Memorandum of Conversation, by the Assistant Chief of the Division of the American Republics (Bursley)
|Participants:||Señor Dr. Don Francisco Castillo Nájera, Mexican Ambassador;|
The conversation related mainly to the oil settlement aspects of the Department’s memorandum of October 7 and the Mexican Ambassador’s reply of November 16.
Mr. Welles emphasized the extreme desirability of the prompt initiation of discussions between representatives of the Standard Oil Company of New Jersey and the Mexican Ambassador. The Under Secretary also emphasized the advisability of deferring until considerably later any discussion of the evaluation of the expropriated oil properties. He said that a general agreement should be worked out and that the question of figures on evaluation could be worked out later. In reply to a statement by the Ambassador indicating that he might propose a settlement to Standard practically identical with the Sinclair settlement, Mr. Welles said that he wanted to make it clear that the settlement with Standard need not necessarily follow precisely the terms of the Sinclair settlement.
The Mexican Ambassador appeared to be in entire agreement with Mr. Welles’ suggestions. The Mexican Ambassador said that conversations were now going on between the Mexican Government and Penn-Mex (?) and that as a matter of fact no difficulty was anticipated in effecting settlements with all the American companies including California Standard; he said, however, that the real difficulty was with Standard of New Jersey.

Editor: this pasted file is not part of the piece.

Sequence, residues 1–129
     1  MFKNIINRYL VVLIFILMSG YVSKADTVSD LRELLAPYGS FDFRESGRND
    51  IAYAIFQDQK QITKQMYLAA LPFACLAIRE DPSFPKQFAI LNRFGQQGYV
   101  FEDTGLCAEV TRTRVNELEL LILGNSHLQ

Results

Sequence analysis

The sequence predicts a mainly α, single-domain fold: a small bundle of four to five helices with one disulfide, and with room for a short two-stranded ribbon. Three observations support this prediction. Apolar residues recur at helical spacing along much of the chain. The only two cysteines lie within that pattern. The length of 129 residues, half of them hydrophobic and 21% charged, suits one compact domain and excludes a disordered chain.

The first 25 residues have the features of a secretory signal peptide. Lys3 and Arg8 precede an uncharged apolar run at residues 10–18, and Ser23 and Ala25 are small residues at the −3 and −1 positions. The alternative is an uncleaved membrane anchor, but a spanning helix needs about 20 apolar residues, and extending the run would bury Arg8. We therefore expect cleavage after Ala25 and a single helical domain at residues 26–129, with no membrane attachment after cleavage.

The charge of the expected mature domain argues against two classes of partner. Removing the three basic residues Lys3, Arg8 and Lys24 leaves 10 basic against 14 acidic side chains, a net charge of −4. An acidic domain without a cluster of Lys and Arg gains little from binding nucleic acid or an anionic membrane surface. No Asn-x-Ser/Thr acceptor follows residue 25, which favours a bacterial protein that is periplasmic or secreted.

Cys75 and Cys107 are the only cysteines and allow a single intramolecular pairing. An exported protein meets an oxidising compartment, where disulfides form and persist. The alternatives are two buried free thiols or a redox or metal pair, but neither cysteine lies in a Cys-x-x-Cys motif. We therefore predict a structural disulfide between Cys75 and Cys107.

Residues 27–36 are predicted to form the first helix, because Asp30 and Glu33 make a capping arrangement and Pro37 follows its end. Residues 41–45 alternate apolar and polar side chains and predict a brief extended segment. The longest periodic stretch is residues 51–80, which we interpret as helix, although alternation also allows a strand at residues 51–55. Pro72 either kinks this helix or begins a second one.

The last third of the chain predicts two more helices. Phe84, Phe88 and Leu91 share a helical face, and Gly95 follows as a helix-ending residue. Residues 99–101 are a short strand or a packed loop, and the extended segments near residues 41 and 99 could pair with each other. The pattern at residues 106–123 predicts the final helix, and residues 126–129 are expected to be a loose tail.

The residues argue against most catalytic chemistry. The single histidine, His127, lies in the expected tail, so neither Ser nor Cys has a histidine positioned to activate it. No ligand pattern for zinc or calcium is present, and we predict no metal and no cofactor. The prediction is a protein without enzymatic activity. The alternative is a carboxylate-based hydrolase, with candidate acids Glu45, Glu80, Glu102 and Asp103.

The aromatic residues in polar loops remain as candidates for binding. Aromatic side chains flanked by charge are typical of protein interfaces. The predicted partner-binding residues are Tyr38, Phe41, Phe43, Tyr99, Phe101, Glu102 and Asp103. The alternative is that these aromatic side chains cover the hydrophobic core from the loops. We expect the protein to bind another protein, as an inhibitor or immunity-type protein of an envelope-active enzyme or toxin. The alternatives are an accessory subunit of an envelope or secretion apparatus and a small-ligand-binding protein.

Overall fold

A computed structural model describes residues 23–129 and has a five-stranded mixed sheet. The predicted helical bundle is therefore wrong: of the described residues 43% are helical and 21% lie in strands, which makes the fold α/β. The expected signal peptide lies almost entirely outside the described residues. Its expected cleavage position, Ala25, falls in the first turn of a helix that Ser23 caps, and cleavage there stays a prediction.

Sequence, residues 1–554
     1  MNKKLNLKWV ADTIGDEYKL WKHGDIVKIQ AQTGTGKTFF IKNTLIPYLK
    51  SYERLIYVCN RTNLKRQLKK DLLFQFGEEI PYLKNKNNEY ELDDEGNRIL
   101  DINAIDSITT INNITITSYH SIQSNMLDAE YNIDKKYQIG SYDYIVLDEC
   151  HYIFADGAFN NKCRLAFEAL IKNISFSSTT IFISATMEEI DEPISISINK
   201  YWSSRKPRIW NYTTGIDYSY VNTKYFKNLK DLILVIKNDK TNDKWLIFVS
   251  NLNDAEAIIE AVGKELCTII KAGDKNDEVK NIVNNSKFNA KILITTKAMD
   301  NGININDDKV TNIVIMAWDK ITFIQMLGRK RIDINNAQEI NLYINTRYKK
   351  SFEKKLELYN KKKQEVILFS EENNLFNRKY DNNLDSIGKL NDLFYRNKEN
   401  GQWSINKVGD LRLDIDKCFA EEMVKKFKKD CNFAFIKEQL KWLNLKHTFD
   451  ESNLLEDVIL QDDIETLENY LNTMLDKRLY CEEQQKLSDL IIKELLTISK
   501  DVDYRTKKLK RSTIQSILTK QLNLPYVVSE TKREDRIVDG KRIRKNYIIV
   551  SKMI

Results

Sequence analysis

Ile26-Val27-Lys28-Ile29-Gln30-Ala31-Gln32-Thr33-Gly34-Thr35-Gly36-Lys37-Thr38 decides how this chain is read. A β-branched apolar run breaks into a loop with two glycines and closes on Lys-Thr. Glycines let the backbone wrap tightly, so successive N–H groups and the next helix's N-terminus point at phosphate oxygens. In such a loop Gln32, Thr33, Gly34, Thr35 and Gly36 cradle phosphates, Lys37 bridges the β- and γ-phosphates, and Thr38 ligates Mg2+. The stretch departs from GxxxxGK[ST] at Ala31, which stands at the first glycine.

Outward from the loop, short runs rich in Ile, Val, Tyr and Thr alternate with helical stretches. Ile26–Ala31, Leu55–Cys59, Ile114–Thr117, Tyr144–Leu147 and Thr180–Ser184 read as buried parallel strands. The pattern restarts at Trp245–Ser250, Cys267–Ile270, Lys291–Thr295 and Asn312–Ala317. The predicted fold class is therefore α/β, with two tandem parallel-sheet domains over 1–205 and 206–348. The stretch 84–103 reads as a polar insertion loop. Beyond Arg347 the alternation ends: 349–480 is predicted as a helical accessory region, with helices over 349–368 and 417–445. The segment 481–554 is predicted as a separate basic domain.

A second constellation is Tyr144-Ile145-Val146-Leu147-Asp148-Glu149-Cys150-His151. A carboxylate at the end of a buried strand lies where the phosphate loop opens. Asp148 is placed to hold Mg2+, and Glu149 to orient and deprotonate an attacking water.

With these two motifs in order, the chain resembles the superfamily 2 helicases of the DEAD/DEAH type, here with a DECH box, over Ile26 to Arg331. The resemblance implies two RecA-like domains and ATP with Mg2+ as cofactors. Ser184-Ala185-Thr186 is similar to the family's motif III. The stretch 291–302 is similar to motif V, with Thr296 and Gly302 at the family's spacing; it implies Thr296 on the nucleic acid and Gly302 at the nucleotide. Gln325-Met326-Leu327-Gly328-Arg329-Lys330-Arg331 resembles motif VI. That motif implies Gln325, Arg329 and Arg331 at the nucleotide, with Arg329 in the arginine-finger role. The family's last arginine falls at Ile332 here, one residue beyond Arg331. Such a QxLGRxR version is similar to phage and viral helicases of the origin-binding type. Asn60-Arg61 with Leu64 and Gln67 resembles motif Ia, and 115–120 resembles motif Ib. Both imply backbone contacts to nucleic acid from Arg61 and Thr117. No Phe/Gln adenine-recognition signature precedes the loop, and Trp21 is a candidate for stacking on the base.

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Mr. Duggan, having in mind the two plans referred to in the Department’s memorandum of October 7, asked whether some arrangement should not be made whereby there would be an alternative plan for settlement, inferentially between the two Governments, in the event the Mexican Government and the oil companies were not able to reach an agreement reasonably soon. The Ambassador replied to the general effect that if the companies would not reach an agreement with the Mexican Government, they would have to fall back upon the findings of the Mexican courts and experts, adding that the position of the Mexican Government was very strong and as he had done several other times in the course of the conversation, rehashed many of the stock Mexican arguments in the oil matter.[Page 1063]
The Under Secretary said that with a view to saving time, it would be well to begin soon preliminary discussions relating to the question of distribution of international waters. Before taking up this point, Mr. Welles referred to a statement in the Mexican Ambassador’s memorandum of November 16 regarding an earlier statement of Mr. Welles’ on this subject. The statement in question indicated that Mr. Welles had referred to the matter of distribution of the Colorado River waters as a political one. Mr. Welles said that what he had previously stated was that this problem had important domestic political aspects in the United States. He emphasized that he had not said the matter was an international political question. The Mexican Ambassador said that his Government would be very glad to go ahead with discussions of the water problem and inquired whether Mr. Serrano should be brought to Washington. Mr. Welles said that he did not think this was necessary as yet.
Mr. Welles inquired whether the Mexican memorandum of November 16 contemplated a discussion of the public debt of Mexico. The Mexican Ambassador said that it did not but that his Government would desire to go ahead with this matter somewhat later on, perhaps in one or two months, and that the Mexican Government would prefer to take up this matter direct with the representatives of the bondholders. He said that one of the difficulties in solving the question of the debts was that the banker’s committee did not represent all of the bondholders. He also touched lightly upon the fact that most of the bondholders were Europeans. Mr. Welles said that a further complication might be involved if any of the bondholders were Germans.